Oh, but it does!  There’s something good about working and cleaning and taking care of things.  There’s something to being domestic and finding joy in polishing wood and spraying down countertops.   There is good in raising children to put things away.  (Even if I have one errant child.  But lets save that for another post.  Okay?)

I surfed around some yesterday reading about domesticity and raising little homemakers.  All I’ll say is that it can be overwhelming to try to achieve another person’s concept of domestic perfection, but I think we can all appreciate the wonderfulness of doing one thing thoroughly and then standing back to admire it.   So I pried Michaela away from the animal rescue videos she was watching and we went into the kitchen together and happily began to clean.

We sprayed down cabinets and counters with water infused with grapefruit essential oil.  We soaped up four cleaning rags from the rag box and put them under our bare feet and skated around the kitchen floor until it was smooth and shiny (as shiny as old can be).

We stopped to dance in circles at one point at which Annie barked and jumped with excitement.   I called a halt to the festivities at a reasonable interval, reminding Michaela that we’ll be back in the kitchen next Monday, so let’s not go crazy.

I went to bed content that the two rooms on my list got cleaned well, clean enough to mark off the list and my daughter learned a touch about routines and being a little homemaker.  (I’m not sure why, but Frank Sinatra’s “I Did It My Way” is playing in the back of my mind.)

The air was full of a clean citrus smell that even Michaela noticed and appreciated.  My oldest son remarked on how good the floor felt.  (Obviously my children have something to compare to!)  A Japanese-looking lantern sat in the upstairs window, flickering with a cinnamon candle, sending out a warm signal to passersby, at least I hope, that this is a home much loved and lived in.  We may not be domestic perfection, but we are happy and alive and trying.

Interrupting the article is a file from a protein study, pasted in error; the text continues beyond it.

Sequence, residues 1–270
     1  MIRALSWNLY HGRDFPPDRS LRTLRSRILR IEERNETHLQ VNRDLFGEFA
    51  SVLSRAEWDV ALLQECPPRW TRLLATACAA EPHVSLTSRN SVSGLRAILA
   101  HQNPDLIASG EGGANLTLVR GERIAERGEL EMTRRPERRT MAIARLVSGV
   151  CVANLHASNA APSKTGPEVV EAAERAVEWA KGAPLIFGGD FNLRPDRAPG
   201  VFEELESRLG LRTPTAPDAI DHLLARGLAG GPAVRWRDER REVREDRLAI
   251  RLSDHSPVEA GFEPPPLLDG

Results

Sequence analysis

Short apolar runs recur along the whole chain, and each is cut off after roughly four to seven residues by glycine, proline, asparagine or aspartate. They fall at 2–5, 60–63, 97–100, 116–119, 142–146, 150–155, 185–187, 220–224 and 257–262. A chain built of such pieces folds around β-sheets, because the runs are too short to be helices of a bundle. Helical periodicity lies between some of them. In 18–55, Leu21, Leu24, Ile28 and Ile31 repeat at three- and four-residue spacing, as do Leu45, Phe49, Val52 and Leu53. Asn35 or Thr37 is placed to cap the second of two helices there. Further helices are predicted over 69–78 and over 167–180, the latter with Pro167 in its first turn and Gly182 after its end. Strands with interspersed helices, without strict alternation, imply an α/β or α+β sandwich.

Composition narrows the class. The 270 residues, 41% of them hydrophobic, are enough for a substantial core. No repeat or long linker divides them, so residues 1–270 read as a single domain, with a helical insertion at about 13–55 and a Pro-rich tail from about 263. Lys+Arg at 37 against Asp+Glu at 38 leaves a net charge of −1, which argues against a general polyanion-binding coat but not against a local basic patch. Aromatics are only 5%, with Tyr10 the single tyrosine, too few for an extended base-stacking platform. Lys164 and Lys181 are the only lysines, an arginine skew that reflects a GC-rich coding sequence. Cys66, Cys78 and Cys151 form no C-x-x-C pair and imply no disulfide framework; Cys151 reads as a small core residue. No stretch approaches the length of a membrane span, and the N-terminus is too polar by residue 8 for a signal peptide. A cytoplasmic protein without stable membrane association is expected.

Enjoy this day!

Lynn

Glad Greetings Cottage

I wanted to share with you the latest little house that’s going to market.

Isn’t it amazing, and fun, to see what can be made from old boxes and things that would otherwise go in the trash?

The cottage is called Glad-Greetings because of the little girl on the support column and her Glad Greetings.

Made from a cardboard box, this little cottage has wood floors, fabric walls and a beautiful lace “wall paper border.” It comes with handmade furniture.

There’s a fireplace in the corner, with a hearth and a little pot made from Sculpey and wire.

Cork and wire make for good curtain rods, and lace always makes pretty curtains.

The sleigh style bed boasts storage drawers underneath, of course covered in sparkles and with dainty wire-and-bead drawer pulls.

The little window sill is big enough for sitting things on, perfect for a little fairy who lives in the woods and collects things.

A chinese take-out container was cut in half and then covered in fabric to make two beautiful wingback chairs.

The containers were unused and probably would have ended up in the trash were it not for The Scrap Exchange.

I put in a little Kelly doll to illustrate the size of the furnishings.

A clock and little dishes made from Sculpey have started filling in the cupboard, made from a little gift box.

I hope you enjoyed your tour!

Enjoy this day.